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Persona 3 FES

Persona

The PS2 just keeps giving and giving. Every time a big release comes out it seems as though it’ll be the console’s swansong, and yet, pleasingly and beyond all expectations the old girl just keeps on going. Persona 3 FES is the latest cult Japanese RPG favourite to make its way to the west, and while it has a fair number of cliches and standard ideas, it has enough unique aspects and touches of innovation to feel like a fresh entry to the genre, particularly when measured against most of the disappointing current-gen examples such as Infinite Undiscovery and The Last Remnant.

Persona 3 FES is an updated addition of the regular Persona 3, with significant extra content and a bit more insight into the game’s complicated and refreshingly abstract plotline, and the events which takes place in the wake of Persona 3. The plot follows a young blue-haired boy (who you name yourself), who joins Gekkoukan High School and before long learns he is one of a chosen few who can summon the titular Personas and battle the demonic Shadows, who every night at midnight feed on the minds of the populace and leave them an empty shell of their former selves. Recruited into a task force of fellow Persona summoners called S.E.E.S., every night they must enter a realm called Tartarus to exterminate the Shadows and try to restore normality. True to form though, before long you discover there are larger forces at work and what you have accomplished is merely the tip of the iceberg, so to speak.

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Finding and bonding with the Personas forms a huge part of the experience. While you might be this demon-battling warrior by night, by day you are still a normal teenager and have to attend high school; much of the game is built around the relationships you form with your school friends, and depending on how you play out these conversations this gains you personality attributes which strengthens your Personas. It is this social interaction which largely lends Persona 3 FES its uniqueness, and helps make it stand out from the bustling crowd of me-too current generation JRPGs. Theoretically speaking, depending on how you develop these relationships and build up your Personas, you could play through the majority of the game very differently on subsequent re-plays.

Combat is fairly standard turn-based fare. The best element is that enemies can always be seen before battles, allowing you to get pre-emptive strikes if your timing is good, or even avoid them altogether if you’re fast. You take up to three characters into battle and it is a strictly menu-driven affair. The Personas themselves play a fundamental role in the battles, being far more powerful than your characters, and able to deal and receive significantly more damage. There are over 100 Personas to collect, and their design is fantastical and excellent – think Pokemon designed by Studio Ghibli.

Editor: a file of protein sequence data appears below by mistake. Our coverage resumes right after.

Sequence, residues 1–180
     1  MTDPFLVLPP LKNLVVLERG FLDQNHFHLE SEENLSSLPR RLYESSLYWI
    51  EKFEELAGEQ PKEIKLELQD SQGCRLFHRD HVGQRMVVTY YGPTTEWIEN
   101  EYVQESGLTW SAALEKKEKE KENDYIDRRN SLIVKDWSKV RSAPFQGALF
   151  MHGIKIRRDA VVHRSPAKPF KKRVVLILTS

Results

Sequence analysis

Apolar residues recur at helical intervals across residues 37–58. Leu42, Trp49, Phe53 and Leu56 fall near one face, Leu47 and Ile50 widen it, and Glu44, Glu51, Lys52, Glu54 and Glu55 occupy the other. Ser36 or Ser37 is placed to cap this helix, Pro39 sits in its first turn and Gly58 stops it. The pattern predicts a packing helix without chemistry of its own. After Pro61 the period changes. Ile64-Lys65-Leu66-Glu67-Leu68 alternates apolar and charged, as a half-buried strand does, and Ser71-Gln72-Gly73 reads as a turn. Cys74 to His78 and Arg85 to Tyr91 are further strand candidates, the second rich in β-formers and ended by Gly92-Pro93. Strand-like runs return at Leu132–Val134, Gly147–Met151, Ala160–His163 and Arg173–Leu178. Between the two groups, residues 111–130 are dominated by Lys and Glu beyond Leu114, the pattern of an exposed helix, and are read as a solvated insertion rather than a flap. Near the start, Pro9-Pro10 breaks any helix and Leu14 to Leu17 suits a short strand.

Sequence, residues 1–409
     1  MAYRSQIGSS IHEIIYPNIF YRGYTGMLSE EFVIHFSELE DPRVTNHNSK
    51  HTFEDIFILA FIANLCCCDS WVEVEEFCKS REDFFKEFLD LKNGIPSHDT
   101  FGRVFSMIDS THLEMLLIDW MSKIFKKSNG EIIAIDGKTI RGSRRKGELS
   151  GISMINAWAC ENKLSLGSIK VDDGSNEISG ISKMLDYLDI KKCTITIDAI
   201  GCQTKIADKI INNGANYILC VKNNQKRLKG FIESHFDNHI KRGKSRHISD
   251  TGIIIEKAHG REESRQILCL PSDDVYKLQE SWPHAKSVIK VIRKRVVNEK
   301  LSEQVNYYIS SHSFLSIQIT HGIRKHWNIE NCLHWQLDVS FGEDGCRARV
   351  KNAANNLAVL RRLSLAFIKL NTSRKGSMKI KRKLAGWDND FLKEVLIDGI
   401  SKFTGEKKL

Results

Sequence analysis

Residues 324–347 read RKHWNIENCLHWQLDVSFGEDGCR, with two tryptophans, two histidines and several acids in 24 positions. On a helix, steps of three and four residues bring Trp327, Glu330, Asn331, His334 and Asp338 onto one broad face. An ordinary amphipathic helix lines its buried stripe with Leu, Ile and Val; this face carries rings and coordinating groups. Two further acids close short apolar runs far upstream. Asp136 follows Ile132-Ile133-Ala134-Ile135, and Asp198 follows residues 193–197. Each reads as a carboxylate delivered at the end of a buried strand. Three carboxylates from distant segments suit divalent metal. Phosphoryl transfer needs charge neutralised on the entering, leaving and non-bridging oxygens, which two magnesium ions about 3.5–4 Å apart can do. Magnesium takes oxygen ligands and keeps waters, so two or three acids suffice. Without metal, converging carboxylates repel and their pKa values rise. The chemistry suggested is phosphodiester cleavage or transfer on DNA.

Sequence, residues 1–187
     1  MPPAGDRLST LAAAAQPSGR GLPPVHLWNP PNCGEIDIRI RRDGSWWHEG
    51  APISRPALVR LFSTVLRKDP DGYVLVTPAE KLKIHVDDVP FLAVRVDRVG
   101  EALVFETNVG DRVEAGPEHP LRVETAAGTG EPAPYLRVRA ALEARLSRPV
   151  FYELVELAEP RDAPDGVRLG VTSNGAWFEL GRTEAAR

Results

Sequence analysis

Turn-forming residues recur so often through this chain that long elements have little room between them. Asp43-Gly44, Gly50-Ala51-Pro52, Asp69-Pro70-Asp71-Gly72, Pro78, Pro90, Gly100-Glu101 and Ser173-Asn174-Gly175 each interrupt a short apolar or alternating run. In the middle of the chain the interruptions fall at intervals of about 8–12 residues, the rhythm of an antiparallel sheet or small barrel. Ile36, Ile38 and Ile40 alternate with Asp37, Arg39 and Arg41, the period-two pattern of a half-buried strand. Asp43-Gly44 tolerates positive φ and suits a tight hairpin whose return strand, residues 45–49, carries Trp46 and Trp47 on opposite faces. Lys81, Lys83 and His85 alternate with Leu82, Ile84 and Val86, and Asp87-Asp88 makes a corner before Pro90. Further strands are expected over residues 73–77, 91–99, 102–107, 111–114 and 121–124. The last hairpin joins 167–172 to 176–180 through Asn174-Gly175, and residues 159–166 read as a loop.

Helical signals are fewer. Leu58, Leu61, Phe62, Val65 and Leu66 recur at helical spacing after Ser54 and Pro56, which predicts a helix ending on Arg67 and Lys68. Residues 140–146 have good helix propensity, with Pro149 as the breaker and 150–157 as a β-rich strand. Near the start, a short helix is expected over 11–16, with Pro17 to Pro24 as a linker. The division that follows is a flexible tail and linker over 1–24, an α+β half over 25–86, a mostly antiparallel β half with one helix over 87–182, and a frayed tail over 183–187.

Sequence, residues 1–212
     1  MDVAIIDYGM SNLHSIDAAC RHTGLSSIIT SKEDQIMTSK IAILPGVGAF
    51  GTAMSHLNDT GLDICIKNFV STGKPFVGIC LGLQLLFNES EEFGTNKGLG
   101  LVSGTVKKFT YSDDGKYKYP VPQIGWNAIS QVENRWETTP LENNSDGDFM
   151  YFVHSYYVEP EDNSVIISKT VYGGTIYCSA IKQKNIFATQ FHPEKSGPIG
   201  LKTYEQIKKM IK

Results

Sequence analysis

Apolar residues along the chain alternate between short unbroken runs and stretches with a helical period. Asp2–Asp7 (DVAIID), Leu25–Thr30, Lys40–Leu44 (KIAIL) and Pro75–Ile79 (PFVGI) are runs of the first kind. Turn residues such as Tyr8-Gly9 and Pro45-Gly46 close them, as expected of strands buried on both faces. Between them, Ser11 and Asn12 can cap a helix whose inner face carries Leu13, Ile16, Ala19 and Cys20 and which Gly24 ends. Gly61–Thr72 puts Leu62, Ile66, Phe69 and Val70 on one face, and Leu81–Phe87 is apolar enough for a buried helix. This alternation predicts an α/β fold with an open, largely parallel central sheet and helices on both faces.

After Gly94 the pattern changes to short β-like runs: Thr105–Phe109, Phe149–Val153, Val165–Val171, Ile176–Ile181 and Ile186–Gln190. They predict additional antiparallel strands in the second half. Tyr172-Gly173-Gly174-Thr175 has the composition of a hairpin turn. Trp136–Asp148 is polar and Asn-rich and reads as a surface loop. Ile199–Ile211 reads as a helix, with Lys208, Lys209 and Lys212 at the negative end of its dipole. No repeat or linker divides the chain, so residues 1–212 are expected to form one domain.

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Graphically, Persona 3 FES is a good effort, but it succeeds more through style and artistic design rather than high levels of detail. The game is peppered with lovely anime sequences, and your characters are very Manga-stylised; copious floppy coloured hair and big eyes are the order of the day. Voice work is pretty good on the whole, and the script has clearly been compiled (and translated) with great care and attention. The music is one of the best aspects of the whole package, with a collection of funky, contemporary tunes which perfectly fits the high school mood and sombre, slower-paced music which suits the more sinister feeling of the night time events and the battles.

Persona 3 FES is a very good JRPG which stands out from the crowd by having a unique setting and lots of sass and style. It’s not really revolutionary, but it is an extremely likeable and solid effort with really good plotting and characterisation which fans of the genre would be advised to check out, and one which frankly runs rings around pretty much all JRPGs that the PS3 or 360 have received. The Persona series could very well prove to be the PS2′s swansong, which would be an excellent way to see the console off.

8 out of 10

The author of this fine article

is a Senior Staff Writer at Thunderbolt, having joined in April 2007.

Gentle persuasion

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